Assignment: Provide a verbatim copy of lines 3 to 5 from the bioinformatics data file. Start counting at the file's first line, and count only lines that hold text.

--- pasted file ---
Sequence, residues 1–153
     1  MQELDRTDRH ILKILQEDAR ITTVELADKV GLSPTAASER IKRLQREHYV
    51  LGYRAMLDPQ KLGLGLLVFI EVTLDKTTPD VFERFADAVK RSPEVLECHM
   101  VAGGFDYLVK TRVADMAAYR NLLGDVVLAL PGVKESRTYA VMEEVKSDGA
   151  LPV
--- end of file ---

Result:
    51  LGYRAMLDPQ KLGLGLLVFI EVTLDKTTPD VFERFADAVK RSPEVLECHM
   101  VAGGFDYLVK TRVADMAAYR NLLGDVVLAL PGVKESRTYA VMEEVKSDGA
   151  LPV